Investors found value in equities on both sides of the Atlantic after the recent slide amid concern US Federal Reserve policy makers might start easing back their bond-buying programme in a two-day meeting starting on Tuesday.
The latest economic data added to signs of strength in the world's biggest economy. US industrial production increased 1.1 percent in November, following a revised 0.1 percent gain in October previously reported as a fall. Last month's rise was the biggest in a year.
Separately, the Fed Bank of New York's general economic index climbed to 1 in December, up from minus 2.2 last month.
"The outlook for 2014 is going to be bright," Chris Rupkey, chief financial economist at Bank of Tokyo-Mitsubishi UFJ in New York, told Reuters. "The economy has reached escape velocity and, with numbers like these, the Fed better start recalibrating."
The Federal Open Market Committee meets on Dec. 17 and 18.
A potential taper announcement this week should not hurt markets, Trevor Greetham, director of asset allocation at Fidelity Worldwide Investments in London, told Bloomberg News.
"They're letting up on the accelerator, not braking," Greetham said.
In afternoon trading in New York, the Dow Jones Industrial Average climbed 0.87 percent, the Standard & Poor's 500 Index rose 0.68 percent, while the Nasdaq Composite Index advanced 0.75 percent.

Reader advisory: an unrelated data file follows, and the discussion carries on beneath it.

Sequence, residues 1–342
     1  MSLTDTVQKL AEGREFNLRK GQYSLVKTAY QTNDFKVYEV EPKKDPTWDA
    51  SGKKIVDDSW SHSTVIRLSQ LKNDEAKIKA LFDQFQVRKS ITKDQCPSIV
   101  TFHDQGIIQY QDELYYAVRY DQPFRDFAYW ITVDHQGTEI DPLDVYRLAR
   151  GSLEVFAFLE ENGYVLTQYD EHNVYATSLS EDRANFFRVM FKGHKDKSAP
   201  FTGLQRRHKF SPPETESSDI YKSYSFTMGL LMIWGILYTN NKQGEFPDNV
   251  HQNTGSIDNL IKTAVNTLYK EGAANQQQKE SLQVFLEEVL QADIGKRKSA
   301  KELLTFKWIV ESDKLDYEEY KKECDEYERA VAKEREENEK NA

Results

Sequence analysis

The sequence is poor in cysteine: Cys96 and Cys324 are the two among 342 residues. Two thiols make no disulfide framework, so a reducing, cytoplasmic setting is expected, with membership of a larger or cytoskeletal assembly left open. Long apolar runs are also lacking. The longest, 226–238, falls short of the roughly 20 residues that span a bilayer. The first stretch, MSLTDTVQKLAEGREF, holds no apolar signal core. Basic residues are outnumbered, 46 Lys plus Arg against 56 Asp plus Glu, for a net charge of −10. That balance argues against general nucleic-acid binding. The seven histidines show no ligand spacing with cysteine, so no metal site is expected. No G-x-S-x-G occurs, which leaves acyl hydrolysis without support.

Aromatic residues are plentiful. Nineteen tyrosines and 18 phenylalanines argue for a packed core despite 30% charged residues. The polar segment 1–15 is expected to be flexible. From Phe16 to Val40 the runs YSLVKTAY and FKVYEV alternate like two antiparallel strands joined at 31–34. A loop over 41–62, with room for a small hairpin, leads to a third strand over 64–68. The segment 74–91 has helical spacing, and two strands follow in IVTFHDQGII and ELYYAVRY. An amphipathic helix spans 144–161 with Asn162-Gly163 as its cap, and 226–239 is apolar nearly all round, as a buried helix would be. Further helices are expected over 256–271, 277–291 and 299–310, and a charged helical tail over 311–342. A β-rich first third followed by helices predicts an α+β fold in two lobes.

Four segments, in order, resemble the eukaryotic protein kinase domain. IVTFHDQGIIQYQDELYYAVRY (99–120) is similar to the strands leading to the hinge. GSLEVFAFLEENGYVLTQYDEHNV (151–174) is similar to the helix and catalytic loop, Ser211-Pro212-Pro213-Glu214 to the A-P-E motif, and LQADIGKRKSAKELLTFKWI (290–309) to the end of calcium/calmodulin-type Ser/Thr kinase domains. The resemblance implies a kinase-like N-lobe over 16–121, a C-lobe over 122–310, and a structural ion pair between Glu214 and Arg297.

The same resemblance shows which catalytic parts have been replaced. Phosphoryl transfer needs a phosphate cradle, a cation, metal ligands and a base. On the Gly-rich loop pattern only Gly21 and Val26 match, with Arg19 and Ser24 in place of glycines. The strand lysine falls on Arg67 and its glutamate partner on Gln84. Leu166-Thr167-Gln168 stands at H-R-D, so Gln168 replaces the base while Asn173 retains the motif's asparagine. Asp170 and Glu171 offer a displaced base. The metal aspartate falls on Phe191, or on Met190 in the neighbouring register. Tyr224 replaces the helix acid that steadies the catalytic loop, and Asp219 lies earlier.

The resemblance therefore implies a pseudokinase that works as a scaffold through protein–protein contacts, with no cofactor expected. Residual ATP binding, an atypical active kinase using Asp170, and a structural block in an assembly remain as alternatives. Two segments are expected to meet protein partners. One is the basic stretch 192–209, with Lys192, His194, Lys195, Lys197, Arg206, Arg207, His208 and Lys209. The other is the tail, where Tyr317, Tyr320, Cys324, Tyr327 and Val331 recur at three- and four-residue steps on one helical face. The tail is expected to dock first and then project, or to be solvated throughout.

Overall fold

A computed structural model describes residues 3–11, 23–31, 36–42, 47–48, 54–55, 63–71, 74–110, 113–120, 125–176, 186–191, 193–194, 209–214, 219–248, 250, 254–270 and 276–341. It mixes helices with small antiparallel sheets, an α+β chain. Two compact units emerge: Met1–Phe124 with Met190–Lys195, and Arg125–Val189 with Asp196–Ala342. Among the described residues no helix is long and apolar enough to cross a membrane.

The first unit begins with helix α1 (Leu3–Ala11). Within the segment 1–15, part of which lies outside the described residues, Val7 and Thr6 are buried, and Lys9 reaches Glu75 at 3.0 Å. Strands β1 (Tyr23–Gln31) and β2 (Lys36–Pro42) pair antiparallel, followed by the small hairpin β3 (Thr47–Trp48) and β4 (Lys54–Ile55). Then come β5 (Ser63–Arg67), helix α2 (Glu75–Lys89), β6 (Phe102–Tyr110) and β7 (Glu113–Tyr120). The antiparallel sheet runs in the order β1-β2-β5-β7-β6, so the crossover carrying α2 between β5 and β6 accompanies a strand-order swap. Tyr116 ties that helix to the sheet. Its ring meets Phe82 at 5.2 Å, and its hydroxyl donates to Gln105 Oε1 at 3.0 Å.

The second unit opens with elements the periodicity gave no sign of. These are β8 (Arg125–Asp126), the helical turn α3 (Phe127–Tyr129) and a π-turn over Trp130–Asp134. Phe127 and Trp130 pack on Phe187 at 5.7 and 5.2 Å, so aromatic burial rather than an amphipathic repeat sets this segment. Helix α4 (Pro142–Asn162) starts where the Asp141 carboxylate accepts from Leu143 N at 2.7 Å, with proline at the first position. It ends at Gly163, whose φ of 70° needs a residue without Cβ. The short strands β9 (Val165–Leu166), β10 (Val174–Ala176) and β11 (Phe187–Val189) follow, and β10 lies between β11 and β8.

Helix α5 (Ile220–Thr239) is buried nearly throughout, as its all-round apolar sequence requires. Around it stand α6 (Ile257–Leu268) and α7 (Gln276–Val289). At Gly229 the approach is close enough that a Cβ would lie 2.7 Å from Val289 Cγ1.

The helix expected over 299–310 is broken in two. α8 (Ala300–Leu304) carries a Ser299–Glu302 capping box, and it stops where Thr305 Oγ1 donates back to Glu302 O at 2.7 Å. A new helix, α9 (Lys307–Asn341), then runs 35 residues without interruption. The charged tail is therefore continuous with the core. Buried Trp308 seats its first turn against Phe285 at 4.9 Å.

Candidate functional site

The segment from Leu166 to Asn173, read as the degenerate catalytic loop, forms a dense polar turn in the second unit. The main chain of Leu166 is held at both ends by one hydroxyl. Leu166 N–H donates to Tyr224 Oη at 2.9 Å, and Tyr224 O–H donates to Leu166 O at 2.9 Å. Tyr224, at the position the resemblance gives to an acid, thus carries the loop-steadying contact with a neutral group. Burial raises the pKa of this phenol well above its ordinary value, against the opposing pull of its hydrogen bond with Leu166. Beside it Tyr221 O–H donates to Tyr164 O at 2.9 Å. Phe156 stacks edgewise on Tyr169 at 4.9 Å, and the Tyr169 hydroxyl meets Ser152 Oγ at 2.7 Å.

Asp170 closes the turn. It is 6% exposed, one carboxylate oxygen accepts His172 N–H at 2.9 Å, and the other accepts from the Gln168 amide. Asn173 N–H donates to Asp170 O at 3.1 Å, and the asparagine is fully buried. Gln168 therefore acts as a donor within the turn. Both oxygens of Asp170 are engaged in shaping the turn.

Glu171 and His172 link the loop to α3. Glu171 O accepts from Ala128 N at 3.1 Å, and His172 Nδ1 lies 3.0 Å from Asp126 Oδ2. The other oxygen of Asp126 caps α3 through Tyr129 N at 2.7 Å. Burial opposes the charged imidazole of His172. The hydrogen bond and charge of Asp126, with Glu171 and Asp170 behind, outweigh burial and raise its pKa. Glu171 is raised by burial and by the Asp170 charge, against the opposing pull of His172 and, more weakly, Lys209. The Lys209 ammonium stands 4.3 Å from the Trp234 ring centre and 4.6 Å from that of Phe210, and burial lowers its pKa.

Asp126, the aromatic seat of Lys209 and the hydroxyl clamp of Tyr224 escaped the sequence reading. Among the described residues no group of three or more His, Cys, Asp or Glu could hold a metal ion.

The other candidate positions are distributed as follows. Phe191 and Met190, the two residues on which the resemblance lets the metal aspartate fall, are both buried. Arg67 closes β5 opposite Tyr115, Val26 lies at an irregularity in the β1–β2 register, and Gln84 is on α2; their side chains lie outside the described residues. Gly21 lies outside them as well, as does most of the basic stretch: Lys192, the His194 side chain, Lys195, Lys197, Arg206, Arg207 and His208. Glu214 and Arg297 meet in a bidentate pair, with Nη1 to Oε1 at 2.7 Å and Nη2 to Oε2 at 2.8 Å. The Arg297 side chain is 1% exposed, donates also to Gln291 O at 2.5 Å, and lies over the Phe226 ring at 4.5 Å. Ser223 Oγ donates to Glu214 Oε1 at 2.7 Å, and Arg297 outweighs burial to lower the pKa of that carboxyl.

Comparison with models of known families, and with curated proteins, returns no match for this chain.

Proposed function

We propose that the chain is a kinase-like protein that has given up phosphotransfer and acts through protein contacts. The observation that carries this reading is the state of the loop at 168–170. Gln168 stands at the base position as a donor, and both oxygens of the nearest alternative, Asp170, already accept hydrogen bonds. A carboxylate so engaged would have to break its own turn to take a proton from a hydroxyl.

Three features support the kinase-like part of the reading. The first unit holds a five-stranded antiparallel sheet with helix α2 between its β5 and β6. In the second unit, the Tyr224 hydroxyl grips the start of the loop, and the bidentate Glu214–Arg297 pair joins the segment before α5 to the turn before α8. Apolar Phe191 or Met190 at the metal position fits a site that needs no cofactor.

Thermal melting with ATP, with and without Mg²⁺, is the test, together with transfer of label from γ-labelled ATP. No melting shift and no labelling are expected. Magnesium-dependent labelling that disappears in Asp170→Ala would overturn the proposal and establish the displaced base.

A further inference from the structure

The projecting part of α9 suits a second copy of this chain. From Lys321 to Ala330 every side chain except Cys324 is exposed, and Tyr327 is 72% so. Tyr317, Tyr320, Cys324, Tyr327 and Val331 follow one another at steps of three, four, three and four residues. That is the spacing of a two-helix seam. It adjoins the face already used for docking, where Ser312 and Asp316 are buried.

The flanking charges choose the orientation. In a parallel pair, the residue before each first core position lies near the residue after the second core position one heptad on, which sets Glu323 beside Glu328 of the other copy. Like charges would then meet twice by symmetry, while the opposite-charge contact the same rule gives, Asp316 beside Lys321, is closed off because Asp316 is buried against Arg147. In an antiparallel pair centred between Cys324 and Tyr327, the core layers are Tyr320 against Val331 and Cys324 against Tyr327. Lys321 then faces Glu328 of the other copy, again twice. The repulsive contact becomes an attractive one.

Gains in shares of IBM, last up 3 percent, and those of Exxon Mobil, last up 2.4 percent, propelled the Dow higher.
Still, most analysts and investors still expect the Fed will hold off on tapering until 2014.
"I still believe January or March are more likely, but the round of profit taking seen from December 10 through December 12 point to growing concerns," Randy Frederick, managing director of active trading and derivatives at the Schwab Center for Financial Research, told Reuters. "There is little consensus whether good news is good or bad right now, with the indicators that I watch showing everything from fully bearish to fully bullish."
In Europe, the Stoxx 600 Index gained 1.3 percent from the previous close, as did the UK's FTSE 100. France's CAC 40 jumped 1.5 percent, while Germany's DAX added 1.7 percent.
Here too, there were reasons for optimism about the economic recovery, albeit cautious. Markit's index based on a survey of purchasing managers in the manufacturing industry climbed to 52.7 in December, up from 51.6 in November.
"The rise in the PMI after two successive monthly falls is a big relief and puts the recovery back on track," Chris Williamson, chief economist at Markit, said in a statement. "The upturn means that, over the final quarter, businesses saw the strongest growth since the first half of 2011, and have now enjoyed two consecutive quarters of growth."
"On the downside, the PMI is signalling a mere 0.2 percent expansion of GDP in the fourth quarter, suggesting the recovery remains both weak and fragile," Williamson said.